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Accepted Paper:

Multimodal Inventions: Media Practices of Transnational Rohingya Networks as a Response to Genocide, Protracted Forced Migration, and COVID-19.  
James Cerretani (Goldsmiths, University of London)

Paper short abstract:

This paper draws on participatory ethnographic research with transnational networks of Rohingya media makers to look at how multimodal practices work to intervene in contemporary crises of genocide, protracted forced-migration, and COVID-19.

Paper long abstract:

This paper emphasizes the processual and inventive nature of multimodal practices by transnational Rohingya networks as a means of mitigating the effects of contemporary crises. It draws from my fieldwork and participatory research as a visual artist and anthropologist-in- training by means of multimodal and multimedia methods such as participatory youth cinema, graphic ethnography, photography, ethnofiction, and collaborative social media activism.

The Rohingya communities I collaborate with build and maintain creative digital communities that connect individuals in Myanmar with those seeking refuge across Southeast Asia and those living in the diaspora. The communities’ processes and outputs include films, poems, photography exhibitions, and an array of multimodal creations that exemplify the agency of these creative networks to disrupt hierarchies of knowledge production.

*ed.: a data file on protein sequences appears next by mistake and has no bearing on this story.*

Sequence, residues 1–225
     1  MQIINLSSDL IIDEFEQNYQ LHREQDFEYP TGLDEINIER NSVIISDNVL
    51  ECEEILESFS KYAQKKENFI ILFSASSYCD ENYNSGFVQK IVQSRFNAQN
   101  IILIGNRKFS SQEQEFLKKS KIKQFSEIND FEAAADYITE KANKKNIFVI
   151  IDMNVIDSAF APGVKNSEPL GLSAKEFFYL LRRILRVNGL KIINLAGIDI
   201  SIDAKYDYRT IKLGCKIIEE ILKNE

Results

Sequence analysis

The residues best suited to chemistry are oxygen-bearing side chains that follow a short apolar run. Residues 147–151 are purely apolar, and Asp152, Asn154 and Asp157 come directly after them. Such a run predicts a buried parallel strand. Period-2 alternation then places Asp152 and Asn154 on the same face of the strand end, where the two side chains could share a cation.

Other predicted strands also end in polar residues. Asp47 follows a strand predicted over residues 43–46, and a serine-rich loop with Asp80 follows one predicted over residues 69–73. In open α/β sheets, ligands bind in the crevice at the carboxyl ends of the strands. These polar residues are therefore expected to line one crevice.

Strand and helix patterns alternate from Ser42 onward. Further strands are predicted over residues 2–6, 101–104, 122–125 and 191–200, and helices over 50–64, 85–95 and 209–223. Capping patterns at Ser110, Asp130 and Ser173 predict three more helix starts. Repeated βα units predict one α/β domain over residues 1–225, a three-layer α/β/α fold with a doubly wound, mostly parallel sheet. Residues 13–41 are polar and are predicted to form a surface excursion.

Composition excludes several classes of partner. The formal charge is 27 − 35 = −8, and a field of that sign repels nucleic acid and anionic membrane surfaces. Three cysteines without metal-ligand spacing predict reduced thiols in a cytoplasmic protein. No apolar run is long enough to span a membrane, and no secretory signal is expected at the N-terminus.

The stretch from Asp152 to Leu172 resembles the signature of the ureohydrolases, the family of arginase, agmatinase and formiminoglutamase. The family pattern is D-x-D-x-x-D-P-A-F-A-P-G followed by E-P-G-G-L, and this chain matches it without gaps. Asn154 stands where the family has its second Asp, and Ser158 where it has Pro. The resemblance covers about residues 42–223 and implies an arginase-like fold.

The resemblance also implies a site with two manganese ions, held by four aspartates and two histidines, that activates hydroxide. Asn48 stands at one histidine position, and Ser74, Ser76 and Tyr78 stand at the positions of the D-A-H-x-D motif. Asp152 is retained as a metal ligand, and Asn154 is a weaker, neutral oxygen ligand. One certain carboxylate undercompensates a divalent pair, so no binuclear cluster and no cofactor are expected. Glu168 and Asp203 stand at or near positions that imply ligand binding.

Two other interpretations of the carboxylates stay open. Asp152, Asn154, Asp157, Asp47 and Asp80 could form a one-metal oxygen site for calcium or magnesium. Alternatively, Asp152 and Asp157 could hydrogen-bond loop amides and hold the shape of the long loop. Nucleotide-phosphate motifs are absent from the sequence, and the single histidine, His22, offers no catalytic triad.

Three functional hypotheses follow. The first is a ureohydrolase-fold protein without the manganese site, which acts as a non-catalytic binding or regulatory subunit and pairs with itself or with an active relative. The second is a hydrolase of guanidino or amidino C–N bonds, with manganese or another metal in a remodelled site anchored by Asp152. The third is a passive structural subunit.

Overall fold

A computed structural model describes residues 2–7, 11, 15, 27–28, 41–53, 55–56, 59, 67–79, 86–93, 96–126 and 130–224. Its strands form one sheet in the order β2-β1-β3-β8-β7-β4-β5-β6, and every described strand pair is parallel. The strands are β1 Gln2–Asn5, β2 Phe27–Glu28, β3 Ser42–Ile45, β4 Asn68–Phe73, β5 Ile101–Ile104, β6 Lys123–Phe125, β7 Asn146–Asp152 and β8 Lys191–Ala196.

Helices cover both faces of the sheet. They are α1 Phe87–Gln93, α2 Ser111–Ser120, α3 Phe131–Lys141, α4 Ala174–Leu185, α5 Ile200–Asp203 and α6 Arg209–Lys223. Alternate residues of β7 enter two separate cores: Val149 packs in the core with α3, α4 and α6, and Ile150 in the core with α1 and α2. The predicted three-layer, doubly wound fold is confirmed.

The labor of Rohingya communities works to spread vital information across displacement-affected networks through creative means such as short films on COVID-19 safety and photo exhibitions documenting and raising awareness of the quotidian experiences of displaced Rohingya. The multimodal practices of transnational Rohingya networks are not limited to strictly realist representations. Collaborations in ethnofiction such as drawing, filmmaking, photography practice, poetry, and painting undertaken during my engagements with Rohingya communities in Europe, Myanmar, Malaysia, and Bangladesh speak to how ethnofiction engages with the past and present in order to (re)imagine futures. It is necessary to view collaboration through a critical lens, looking at the politics, ethics, power hierarchies, and ambivalences (Alvarez et al., 2021) of participatory research during unprecedented times.

Panel P065b
Commoning practices in multimodal ethnography [EASA Multimodal Ethnography Network] II
  Session 1 Tuesday 26 July, 2022, -